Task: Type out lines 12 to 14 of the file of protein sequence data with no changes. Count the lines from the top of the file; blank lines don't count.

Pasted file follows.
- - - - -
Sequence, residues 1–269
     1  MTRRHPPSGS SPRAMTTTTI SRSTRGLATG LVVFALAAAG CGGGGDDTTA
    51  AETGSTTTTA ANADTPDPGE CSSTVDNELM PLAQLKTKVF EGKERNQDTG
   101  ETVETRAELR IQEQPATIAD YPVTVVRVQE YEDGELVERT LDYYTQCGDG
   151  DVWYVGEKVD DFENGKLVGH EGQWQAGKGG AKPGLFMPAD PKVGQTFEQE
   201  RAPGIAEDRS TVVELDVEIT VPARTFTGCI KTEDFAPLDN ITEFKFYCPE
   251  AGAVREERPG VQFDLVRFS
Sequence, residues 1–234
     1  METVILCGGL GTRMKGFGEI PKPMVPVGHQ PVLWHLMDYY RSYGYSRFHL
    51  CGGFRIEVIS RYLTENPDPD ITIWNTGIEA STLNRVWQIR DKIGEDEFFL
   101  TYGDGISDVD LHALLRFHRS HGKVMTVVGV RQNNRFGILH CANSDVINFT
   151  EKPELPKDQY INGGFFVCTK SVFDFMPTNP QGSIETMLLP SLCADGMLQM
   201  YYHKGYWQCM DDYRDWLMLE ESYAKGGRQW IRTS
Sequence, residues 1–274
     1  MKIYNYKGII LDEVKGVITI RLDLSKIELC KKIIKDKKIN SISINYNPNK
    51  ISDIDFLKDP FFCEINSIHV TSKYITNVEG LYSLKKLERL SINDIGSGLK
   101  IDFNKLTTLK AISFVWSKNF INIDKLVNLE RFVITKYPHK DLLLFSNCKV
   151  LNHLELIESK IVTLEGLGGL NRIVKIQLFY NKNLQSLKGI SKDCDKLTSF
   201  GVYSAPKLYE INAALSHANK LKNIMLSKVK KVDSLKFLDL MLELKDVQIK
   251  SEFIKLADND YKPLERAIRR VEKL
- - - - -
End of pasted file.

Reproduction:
   151  EKPELPKDQY INGGFFVCTK SVFDFMPTNP QGSIETMLLP SLCADGMLQM
   201  YYHKGYWQCM DDYRDWLMLE ESYAKGGRQW IRTS
Sequence, residues 1–274